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The Center for Native Grasslands Management

Title: Switchgrass production for the upper southeastern USA: Influence of cultivar and cutting frequency on biomass yields
Year: 2006
Author(s): Fike, J. H., Parrish, D. J., Wolf, D. D., Balasko, J. A., Green, J. T., Rasnake, M., Reynolds, J. H.
Source Title: Biomass & Bioenergy
Source Type: Journal
pages: 207-213
Original Publication: http://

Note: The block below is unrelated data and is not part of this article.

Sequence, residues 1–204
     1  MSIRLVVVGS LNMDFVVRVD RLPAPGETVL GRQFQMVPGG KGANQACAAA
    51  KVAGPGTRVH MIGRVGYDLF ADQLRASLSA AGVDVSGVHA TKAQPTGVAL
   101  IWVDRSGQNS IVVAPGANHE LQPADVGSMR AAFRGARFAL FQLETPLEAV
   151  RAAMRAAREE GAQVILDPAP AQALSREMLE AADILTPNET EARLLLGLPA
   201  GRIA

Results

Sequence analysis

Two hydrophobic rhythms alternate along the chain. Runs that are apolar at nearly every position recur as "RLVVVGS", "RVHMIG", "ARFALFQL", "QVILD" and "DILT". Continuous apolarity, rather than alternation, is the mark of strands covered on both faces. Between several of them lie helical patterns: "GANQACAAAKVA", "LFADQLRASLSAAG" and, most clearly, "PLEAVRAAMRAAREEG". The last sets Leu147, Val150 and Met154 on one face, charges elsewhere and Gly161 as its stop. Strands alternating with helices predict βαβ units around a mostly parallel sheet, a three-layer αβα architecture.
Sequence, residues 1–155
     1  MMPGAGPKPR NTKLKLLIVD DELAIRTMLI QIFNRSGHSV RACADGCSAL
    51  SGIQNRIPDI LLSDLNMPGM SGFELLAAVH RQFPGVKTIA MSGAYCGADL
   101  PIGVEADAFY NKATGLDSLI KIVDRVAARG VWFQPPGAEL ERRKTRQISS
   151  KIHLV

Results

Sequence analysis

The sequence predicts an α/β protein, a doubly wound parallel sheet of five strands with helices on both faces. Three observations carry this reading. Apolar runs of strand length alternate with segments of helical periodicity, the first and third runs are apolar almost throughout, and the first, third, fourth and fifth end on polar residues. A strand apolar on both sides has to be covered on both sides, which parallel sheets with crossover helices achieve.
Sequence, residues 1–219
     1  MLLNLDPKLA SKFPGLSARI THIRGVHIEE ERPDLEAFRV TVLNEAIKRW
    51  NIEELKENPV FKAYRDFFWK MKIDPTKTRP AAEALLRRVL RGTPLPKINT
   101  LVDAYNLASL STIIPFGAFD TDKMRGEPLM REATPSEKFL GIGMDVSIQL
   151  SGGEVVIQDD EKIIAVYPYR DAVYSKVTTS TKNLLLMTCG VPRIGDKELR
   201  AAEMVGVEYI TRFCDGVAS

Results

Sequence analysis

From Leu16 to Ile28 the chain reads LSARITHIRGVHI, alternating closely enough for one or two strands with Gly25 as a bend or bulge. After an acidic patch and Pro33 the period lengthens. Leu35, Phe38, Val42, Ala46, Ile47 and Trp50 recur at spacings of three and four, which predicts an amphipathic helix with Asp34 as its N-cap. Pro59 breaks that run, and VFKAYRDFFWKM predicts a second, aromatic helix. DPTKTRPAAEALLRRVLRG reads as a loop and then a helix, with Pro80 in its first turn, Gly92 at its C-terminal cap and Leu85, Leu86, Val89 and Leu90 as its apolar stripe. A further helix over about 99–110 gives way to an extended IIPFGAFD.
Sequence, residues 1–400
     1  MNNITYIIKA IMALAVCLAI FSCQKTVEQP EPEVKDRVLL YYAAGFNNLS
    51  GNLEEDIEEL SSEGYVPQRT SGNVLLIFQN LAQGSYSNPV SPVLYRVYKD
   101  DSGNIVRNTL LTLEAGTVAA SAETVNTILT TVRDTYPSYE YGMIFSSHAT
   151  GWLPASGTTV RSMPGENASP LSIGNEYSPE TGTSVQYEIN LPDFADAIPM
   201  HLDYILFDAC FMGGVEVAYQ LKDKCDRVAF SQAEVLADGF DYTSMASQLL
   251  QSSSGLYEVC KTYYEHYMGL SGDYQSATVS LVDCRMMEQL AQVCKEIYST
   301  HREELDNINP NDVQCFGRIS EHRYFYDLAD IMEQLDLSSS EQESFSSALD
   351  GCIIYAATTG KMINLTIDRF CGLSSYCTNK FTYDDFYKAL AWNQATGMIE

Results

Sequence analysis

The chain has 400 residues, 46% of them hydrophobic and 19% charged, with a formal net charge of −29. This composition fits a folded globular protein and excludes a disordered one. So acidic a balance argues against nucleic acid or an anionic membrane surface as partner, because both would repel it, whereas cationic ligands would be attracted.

Abstract: Switchgrass (Panicum virgatum L.) is considered a good biofuels feedstock candidate. However, limited information is available on its productivity and harvest management in the upper southeastern USA. Our objective was to examine production potential of upland and lowland switchgrass cultivars in response to one- or two-cut management across the region. Upland (’Cave-in-Rock’ and ’Shelter’) and lowland (’Alamo’ and ’Kanlow’) cultivars were harvested for 3 yr under one- or two-cut management at eight sites in five states (North Carolina, Kentucky, Tennessee, Virginia, and West Virginia). Across all sites, years, and cutting managements, upland cultivars yielded 12.6 vs. 15.8 Mg ha(-1) for lowland cultivars. Both cultivars yielded more on average with two harvests rather than one, but the effect was greater for upland cultivars (36% more biomass), while lowland cultivars yielded only 8% more biomass with two harvests. Tiller densities were higher for Alamo (lowland) than for Cave-in-Rock (upland) and higher with two-cut than with one-cut management. Early season production of Alamo (a cultivar of southern origin) appeared sensitive to low temperatures. Weak linear responses to precipitation were observed for first-cut biomass, but none was observed for summer precipitation. Lowland switchgrass cultivars appear better suited to biomass production in the upper southeastern USA, due to their greater productivity. Two vs. one cutting per year may be of less advantage for biomass yield with lowland cultivars in this region. However, if upland cultivars are used, two harvests may be of benefit dependent upon production costs and feedstock quality.